Should only be one canonical on a page.
<link rel=“canonical” href=“https://cheapemailvalidation.com/”/>
And each page should have a canonical to the URL it uses for itself not the home page. So the correct canonical for the index.html main page is the URL of the home page. But all other pages have a different canonical.
And you should know that since the http version is redirected it technically no longer exists so the tag is no longer being seen on the http version.
Things to check On Your side
Check the links on your side. Do you have links with href=“http://cheapemailvalidation.com/” instead of “https://cheapemailvalidation.com/” those should be changed.
Do you have links on other sites or social media pointing toward the http version instead of the https version? That you can change. Links on yelp or business directory sites that you could change. Links on blog profiles that you could change? Links on forums or stackexchange that you could change?
Google has been asked this question
Google has a video posted for your question, I can not embed the video; I can only link to it.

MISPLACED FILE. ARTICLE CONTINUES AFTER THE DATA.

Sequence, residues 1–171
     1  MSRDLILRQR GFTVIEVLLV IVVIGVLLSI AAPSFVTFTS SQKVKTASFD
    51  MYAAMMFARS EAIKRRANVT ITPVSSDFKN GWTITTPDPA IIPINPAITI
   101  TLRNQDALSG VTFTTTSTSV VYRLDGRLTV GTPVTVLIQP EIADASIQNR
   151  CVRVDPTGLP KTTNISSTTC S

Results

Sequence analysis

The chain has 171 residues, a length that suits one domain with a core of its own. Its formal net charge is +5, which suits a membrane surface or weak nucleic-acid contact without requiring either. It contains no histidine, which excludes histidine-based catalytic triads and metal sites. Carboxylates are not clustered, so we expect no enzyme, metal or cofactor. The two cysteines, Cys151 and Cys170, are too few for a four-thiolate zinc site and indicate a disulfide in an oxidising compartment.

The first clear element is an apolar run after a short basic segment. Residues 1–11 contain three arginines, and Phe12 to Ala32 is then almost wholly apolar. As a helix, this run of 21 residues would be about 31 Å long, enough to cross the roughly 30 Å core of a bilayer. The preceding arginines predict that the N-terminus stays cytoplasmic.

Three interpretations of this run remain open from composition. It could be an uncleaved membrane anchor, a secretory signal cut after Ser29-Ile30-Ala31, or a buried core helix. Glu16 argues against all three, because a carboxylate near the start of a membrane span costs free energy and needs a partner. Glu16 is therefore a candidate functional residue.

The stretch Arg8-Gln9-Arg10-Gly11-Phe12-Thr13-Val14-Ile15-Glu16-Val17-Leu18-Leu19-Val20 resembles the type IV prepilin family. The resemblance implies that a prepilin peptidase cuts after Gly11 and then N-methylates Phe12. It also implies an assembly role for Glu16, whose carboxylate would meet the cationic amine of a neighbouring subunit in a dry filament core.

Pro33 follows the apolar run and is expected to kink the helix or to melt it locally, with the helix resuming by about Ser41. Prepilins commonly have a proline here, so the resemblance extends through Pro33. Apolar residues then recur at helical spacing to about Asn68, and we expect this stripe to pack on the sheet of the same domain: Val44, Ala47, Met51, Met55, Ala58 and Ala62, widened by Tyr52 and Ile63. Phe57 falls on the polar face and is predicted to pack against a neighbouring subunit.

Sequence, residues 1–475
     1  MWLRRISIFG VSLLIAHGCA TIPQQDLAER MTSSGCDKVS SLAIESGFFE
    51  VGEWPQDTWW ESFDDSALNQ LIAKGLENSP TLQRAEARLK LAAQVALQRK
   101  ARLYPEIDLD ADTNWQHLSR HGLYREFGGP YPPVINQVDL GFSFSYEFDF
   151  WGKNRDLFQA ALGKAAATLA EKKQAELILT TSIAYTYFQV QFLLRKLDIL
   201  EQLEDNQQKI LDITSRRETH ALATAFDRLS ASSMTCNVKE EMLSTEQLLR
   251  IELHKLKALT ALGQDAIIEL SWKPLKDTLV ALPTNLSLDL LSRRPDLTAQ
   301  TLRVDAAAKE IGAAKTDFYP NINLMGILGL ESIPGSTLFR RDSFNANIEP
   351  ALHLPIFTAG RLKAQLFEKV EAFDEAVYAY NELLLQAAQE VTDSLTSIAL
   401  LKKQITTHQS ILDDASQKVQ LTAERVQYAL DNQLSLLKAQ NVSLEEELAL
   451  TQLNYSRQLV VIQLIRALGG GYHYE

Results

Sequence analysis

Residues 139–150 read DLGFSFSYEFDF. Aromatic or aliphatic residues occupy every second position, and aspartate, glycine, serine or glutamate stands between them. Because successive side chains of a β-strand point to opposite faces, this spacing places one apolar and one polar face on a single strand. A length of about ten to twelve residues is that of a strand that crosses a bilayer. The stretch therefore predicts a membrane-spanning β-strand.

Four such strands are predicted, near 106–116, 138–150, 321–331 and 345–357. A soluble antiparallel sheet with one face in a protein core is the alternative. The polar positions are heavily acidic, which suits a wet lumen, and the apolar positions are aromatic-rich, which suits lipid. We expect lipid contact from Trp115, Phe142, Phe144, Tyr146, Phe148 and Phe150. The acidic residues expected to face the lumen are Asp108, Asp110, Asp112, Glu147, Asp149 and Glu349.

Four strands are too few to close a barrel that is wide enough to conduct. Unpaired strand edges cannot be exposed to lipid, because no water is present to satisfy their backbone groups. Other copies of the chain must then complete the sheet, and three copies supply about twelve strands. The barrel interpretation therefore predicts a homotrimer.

The associated page on Google search central is
and it addresses all methods used by Google to establish which URL will be listed. Note: if using 301 redirects other methods can not be used ... Google addresses other methods because sometimes a 301 redirect can not be used.
BEST PRACTICE short answer, and there is nothing more on your side
If everything is correct, use Google tools to look, then you just need to wait for google.
And note Stephen's answer and Google's the http will be made visible in Google when Google thinks that is the answer you are looking for. So if you are looking for the http you will find them.
So site search is providing the information that google believes you are looking for.
Beyond best practices IE bad practice.
If the pages are receiving traffic from links to the old http. Then you don't need to force google to remove those pages. Doing so will lose that traffic. A forced removal will not pass the benefit made up over the time the page has existed to the new https page. IE RANKING DROP will be self imposed.
To force the removal, again not recommended, turn off the redirect and force the old URL out of Google using the remove tool. Then turn the redirect back on. Doing this will remove all the benefit of the old page and the https will not receive any benefit.
If there is not a compelling reason, mission critical! Serious problem existed with http version ... then do best practice.
If the Critical reason is Google says it is not secure ... note that the new https page will not replace the killed page and if you use Best Practice is will replace the not secure page.
Forced removal is best only done for legal reasons like DMCA, etc.